Galway’s Seán Armstrong relishing a crack at dominant Dubs

Skilful forward says Gavin’s team have been the benchmark for the last five years

Seán Armstrong in action against Kerry: “It’s a work-in-progress. We are by no means the finished article.” Photograph: Oisín Keniry/Inpho

Seán Armstrong in action against Kerry: “It’s a work-in-progress. We are by no means the finished article.” Photograph: Oisín Keniry/Inpho

 

Experienced forward Seán Armstrong is excited about Galway’s first chance to test themselves against Dublin in seven years as Division One’s two unbeaten teams prepare to go head to head next Sunday at Pearse Stadium.

Armstrong, who turns 32 next week, made an early appearance as a substitute for the injured Patrick Sweeney as Kevin Walsh’s side claimed a fifth win from five league outings against Monaghan last weekend, a game in which the Salthill-Knocknacarra forward played a key role.

Armstrong did not feature when the sides last met and drew in 2011, a time when Dublin were managed by Pat Gilroy and Galway by Tomás Ó Flatharta, but the skilful forward says facing the four-in-a-row All-Ireland winners is a very different challenge for Walsh’s side.

“They’re the benchmark, they have been for the last five years. If you really want to test what you’re like and see where you’re at, Dublin are the team to play,” said Armstrong, who returned to the Galway squad last season.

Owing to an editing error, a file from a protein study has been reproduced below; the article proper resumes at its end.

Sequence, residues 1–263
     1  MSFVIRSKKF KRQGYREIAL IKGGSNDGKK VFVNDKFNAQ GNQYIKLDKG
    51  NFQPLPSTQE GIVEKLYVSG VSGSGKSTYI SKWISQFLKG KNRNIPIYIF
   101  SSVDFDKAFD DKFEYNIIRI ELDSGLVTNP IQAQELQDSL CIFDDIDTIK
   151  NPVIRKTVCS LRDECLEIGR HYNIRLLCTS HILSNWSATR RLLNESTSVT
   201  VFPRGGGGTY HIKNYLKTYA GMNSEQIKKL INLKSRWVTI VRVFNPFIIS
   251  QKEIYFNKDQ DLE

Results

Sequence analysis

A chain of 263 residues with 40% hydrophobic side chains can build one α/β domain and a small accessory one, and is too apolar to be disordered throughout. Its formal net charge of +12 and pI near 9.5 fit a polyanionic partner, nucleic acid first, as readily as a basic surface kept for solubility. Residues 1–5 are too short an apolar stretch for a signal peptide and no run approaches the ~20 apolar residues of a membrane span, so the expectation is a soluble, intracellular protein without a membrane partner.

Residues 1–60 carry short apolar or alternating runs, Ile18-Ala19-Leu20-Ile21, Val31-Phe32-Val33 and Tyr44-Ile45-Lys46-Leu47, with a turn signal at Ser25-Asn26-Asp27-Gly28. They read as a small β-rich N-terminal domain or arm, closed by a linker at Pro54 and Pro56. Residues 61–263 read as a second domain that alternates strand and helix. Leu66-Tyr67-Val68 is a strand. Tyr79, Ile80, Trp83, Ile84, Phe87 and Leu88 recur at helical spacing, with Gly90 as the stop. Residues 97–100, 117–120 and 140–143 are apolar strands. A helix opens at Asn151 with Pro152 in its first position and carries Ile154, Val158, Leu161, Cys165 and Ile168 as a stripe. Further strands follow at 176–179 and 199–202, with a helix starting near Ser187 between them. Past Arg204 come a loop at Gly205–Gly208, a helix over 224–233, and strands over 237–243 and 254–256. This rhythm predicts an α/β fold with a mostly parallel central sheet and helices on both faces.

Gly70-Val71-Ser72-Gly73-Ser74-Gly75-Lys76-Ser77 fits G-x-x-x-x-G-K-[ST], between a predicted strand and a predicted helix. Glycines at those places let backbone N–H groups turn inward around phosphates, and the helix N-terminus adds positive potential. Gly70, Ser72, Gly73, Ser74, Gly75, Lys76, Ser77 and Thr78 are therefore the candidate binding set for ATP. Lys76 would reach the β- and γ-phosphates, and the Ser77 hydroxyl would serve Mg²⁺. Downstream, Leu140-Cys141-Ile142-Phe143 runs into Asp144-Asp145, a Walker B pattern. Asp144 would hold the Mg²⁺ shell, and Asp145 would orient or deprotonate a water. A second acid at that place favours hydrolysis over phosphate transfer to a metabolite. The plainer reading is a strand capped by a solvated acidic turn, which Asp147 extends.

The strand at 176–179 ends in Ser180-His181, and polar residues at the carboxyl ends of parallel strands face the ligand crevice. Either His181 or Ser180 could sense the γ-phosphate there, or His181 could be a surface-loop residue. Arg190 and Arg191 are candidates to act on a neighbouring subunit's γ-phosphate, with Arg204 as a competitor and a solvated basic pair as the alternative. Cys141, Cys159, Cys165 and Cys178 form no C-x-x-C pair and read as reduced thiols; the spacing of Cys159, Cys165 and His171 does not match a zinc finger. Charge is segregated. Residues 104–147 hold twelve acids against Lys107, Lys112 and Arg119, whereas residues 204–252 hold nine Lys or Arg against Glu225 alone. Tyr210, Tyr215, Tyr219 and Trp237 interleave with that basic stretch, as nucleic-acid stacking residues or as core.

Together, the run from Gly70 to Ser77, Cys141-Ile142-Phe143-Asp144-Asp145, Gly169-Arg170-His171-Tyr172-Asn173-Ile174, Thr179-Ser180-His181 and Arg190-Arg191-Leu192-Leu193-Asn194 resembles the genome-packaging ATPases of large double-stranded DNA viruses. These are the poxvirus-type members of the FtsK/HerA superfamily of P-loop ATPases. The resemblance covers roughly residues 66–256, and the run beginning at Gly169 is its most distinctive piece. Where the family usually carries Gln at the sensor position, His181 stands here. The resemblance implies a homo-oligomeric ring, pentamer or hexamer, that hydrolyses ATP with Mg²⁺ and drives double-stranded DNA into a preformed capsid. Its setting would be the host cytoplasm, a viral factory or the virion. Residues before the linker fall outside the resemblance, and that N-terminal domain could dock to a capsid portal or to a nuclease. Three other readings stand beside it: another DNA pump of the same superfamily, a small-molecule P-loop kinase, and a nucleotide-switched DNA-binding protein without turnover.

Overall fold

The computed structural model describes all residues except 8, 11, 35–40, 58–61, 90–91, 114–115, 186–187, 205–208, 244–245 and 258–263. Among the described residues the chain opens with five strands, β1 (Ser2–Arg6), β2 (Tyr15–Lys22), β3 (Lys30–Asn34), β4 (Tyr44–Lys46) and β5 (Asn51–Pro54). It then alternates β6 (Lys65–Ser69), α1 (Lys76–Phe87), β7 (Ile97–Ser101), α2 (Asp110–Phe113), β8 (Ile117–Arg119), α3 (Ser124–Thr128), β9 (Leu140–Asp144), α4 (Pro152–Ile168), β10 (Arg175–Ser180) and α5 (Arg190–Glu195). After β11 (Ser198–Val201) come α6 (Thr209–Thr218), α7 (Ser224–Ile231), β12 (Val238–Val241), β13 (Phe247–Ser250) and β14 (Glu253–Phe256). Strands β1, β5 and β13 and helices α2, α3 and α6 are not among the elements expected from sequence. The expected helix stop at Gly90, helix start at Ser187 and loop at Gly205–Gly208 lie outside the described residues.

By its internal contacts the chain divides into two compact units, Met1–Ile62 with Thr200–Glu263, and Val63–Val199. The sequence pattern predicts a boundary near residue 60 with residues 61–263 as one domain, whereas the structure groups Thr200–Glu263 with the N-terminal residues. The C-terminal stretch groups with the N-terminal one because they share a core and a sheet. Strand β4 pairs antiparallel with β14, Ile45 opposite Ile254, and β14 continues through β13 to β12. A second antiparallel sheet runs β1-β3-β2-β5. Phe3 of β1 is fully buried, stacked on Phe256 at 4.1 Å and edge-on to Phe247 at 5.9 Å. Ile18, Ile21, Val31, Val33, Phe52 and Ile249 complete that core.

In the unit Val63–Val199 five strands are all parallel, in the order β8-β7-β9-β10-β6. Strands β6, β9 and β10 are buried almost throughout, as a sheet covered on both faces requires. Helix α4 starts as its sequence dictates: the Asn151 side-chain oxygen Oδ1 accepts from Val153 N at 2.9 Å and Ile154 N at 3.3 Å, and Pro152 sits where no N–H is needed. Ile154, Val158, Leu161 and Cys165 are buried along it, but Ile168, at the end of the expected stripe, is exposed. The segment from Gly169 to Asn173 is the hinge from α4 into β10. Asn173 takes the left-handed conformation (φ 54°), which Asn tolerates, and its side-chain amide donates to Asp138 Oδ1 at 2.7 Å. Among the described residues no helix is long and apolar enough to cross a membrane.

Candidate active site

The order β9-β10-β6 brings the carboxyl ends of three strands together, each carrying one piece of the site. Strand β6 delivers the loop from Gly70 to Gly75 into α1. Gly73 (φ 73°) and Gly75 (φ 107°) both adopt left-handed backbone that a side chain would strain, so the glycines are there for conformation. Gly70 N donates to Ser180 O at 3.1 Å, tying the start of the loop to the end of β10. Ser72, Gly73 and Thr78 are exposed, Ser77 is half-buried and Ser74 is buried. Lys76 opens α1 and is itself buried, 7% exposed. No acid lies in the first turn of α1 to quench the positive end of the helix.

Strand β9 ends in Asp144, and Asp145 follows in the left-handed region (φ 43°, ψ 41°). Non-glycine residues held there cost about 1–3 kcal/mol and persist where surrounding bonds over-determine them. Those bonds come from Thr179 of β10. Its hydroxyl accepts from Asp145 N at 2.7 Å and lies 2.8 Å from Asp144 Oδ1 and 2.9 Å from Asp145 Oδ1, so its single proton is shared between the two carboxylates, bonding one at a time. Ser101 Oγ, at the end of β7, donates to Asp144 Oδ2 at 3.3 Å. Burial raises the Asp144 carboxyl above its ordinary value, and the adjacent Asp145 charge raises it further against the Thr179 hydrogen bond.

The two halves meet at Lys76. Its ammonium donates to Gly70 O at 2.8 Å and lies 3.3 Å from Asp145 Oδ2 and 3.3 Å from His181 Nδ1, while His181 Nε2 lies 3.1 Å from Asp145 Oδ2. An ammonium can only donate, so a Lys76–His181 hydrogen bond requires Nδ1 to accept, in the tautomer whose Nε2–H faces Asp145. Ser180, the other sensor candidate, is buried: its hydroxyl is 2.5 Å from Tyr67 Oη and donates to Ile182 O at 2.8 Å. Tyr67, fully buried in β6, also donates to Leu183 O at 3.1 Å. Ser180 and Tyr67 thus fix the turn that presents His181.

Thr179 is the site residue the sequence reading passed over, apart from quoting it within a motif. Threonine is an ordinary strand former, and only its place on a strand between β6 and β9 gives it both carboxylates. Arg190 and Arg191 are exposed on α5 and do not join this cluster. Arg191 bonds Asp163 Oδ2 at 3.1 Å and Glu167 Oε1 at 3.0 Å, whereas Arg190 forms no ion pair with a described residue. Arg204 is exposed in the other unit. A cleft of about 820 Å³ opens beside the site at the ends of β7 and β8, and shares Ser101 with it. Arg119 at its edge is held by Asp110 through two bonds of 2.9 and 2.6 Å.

“It’s nice that we have 10 points and we’re safe in the league but we’ll be going out and seeing what it’s like against the top team.”

Unlike previous years, Galway have elected to employ a mass defence, which is well organised and capable of breaking out quickly and transitioning into attack efficiently.

Armstrong played a key link role in that game plan at the weekend and he says the current Galway team don’t care about how they are regarded – as long as they are successful in big games.

“If we’re winning I think we’re happy! We don’t mind if it’s entertaining. We have a lot of pace and we have a lot of skilled forwards. What we’re trying to do is get a good defensive shape and try and break at pace. If you can break at pace and you have the space up front, you can turn it on.

Defensive shape

“It’s not like we’re given one role and we have to stick rigidly to that role. We have a shape but you’re allowed play within that shape and you’re given autonomy and given a responsibility to play in that shape.

“We’re trying to work on our process, trying to work on our weaknesses, trying to work on defensive shape. We’re trying to work on the whole lot. We try to stick to the process and hopefully the result takes care of itself.”

Galway have already guaranteed themselves a slot in the league final, and should Walsh manage Galway to the Division One title he will add it to last year’s Division Two win with his native county and Division Three and Four victories earned with Sligo in 2009 and 2010.

But even from last year this is a different Galway squad, with plenty of young faces taking their chance after graduating from the underage grades.

“You have a couple of new lads out there. Peter Cooke has come into the squad this year, Sean Kelly has come into the squad, Seán Andy Ó Ceallaigh has come into the squad. And they’ve been starting,” said Armstrong.

“They’re trying to learn the process and learn the shape. It’s a work in progress. We are by no means the finished article but every game is a progression and that’s what we’re trying to work on.”

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